Living Archives is an ongoing project initiated by Hild Borchgrevink, exploring how music can be represented, reflected upon and discussed outside the temporary experience of a live performance. Each version of Living Archives is also in itself conceived as temporary and open ended, intended to adapt to different musical, spatial and social contexts, to acquire new material and learn from experience.
The first version of Living Archives was made for Nordic Music Days 2016 , a contemporary music festival that took place in Reykjavík, Iceland 29/9-2/10 2016. The aim of this Living Archives was to invite audience and artists to engage with the ideas behind the music played at NMD by diving into the composers’ sources of inspiration. Composers featured the programme were asked to submit artworks, theory, poetry, sounds, samples, sketches, images, videos, objects or ephemera – anything that had in some way inspired or influenced their music to be played in the festival.
When possible, Living Archives made this material available to the public in both physical and digital formats, to explore how the physical and the digital might spark different forms of human interaction. Both the digital and the physical archive grew during the festival, as artists and a recording team added new material. A few examples below (here in digital format, necessarily):
Spiegeltunnel (Max-Reinhardt-Park, Berlin 2009) by Olafur Eliasson
The sculpture Spiegeltunnel by visual artist Olafur Eliasson (above) was among the inspirations behind Icelandic composer Páll Ragnar Pállsson’s work Spiegeltunnel, performed at Nordic Music Days 2016 (excerpt):
The physical infrastructure of Living Archives consisted of 12 moveable wireframe shelves of different sizes, created in collaboration with architects Eskil Tin of Tintin Motors and Anna Røtnes of architect firm Praksis A. Each shelf had a tablet and a headset attached to it where digital material was available. The 12 shelves were intended to attract the attention of audience emerging from the concert halls and guide them towards listening and reading experiences they didn’t initially search for.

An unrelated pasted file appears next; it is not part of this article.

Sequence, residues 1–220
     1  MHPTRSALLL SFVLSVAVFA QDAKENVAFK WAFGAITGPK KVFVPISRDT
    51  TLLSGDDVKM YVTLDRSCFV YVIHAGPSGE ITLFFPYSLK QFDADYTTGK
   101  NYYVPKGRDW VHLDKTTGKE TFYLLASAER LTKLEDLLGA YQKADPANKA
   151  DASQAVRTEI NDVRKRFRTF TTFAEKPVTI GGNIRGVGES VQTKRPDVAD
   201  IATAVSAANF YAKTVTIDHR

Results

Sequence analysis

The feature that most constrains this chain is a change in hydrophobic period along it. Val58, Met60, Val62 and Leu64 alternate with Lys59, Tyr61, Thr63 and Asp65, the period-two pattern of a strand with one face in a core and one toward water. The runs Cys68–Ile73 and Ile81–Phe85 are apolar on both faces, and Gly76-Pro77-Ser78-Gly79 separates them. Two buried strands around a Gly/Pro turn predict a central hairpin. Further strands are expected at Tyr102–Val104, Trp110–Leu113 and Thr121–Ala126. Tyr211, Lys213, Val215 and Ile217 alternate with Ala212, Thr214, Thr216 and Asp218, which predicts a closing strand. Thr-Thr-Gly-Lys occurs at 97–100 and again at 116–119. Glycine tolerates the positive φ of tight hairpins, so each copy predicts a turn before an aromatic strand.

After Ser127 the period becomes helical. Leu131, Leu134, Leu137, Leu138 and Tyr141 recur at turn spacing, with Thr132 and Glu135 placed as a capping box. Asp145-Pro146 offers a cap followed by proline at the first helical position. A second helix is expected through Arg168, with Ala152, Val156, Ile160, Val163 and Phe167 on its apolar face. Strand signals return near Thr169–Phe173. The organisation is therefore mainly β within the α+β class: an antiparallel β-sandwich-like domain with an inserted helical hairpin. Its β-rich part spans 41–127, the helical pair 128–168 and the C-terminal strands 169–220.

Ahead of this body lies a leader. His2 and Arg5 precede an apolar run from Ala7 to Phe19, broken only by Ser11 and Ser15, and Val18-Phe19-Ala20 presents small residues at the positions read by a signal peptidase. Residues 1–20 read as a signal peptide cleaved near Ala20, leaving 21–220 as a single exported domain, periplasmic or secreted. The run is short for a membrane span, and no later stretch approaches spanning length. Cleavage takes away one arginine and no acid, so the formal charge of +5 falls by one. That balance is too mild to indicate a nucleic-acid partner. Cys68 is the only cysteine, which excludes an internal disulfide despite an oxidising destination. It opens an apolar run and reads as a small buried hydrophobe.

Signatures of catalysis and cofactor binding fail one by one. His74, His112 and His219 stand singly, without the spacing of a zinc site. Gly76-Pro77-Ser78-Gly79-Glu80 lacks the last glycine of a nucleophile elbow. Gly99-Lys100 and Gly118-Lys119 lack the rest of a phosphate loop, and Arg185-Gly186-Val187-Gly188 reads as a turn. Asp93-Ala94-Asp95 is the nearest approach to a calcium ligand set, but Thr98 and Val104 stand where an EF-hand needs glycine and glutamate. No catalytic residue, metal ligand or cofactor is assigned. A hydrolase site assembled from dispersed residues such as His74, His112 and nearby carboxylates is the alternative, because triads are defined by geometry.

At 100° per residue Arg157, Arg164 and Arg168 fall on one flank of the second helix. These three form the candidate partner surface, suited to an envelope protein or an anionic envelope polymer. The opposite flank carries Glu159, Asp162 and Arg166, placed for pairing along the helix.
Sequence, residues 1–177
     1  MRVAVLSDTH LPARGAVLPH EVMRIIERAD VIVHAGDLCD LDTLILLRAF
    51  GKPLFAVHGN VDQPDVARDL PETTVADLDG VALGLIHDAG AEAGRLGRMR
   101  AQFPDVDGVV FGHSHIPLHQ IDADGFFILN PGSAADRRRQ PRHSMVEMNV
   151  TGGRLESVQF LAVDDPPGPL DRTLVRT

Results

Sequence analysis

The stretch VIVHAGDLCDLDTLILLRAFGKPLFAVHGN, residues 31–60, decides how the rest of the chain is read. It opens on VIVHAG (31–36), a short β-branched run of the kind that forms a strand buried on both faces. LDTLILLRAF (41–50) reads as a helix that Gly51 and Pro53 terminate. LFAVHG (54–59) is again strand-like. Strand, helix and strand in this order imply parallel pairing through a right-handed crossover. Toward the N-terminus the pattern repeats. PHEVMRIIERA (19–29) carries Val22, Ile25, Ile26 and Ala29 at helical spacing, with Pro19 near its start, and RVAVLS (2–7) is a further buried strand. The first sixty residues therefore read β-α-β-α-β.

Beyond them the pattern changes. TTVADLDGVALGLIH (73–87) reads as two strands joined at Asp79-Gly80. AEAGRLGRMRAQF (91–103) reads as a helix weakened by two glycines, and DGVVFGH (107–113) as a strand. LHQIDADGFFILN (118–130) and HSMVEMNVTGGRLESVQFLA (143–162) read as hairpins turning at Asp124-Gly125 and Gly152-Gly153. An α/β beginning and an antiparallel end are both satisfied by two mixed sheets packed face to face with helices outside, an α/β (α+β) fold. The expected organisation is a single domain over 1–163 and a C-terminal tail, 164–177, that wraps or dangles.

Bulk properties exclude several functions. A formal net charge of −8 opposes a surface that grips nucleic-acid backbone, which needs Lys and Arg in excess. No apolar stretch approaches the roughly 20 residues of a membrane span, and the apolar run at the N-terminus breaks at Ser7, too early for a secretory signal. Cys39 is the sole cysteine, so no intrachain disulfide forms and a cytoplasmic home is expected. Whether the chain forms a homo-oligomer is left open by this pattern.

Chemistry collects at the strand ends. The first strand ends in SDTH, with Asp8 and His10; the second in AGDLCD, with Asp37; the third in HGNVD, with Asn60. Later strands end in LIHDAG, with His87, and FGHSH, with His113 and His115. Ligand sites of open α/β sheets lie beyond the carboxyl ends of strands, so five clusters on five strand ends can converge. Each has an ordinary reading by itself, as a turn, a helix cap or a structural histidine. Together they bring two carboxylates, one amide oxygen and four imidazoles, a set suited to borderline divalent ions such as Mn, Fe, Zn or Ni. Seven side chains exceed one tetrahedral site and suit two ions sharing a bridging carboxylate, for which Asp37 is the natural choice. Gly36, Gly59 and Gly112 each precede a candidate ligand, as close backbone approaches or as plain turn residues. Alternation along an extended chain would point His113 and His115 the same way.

Photo: Merve Kayan
Sample from composer Ville Raasakka’s score Vanishing point for amplified piano solo (2013), among other things inspired by Richard Wagner’s Ankunft bei den schwarzen Schwänen.
Living Archives at NMD 2016 also included the documentation of the festival by percussionist and video artist Ross Karre and his rKAD documentation team. Excerpts of sound and video from the festival were added to the tablets in library in Harpa when recorded. Some material was also posted to a Living Archives NMD‘ Facebook page.
As part of Living Archives, the rKAD team also presented their artistic approach to documenting contemporary music in a workshop at the Iceland Art Academy.
Living Archives at NMD in Reykjavik was kindly supported by Arts Council Norway, Norwegian-Icelandic Cultural Cooperation Fund
After NMD in Reykjavík, Living Archives NMD 2016 was invited to present in Music Norway’s Open House seminar on music publishing and at the conference Musikkarvkonferansen 2016 – Interfaces: tradition and technology in musical heritage work at the Norwegian National Library.
The next event in the Living Archives series is an exhibition taking place at the Bergen Public Library during the Bergen International Festival in May 2017. Here, scores and inspirational material of three new compositions will be made available to the public for 3 weeks, leading up to a concert in which the music will be performed for the very first time. This project is connected to the 100 year anniversary of the Norwegian Society of Composers.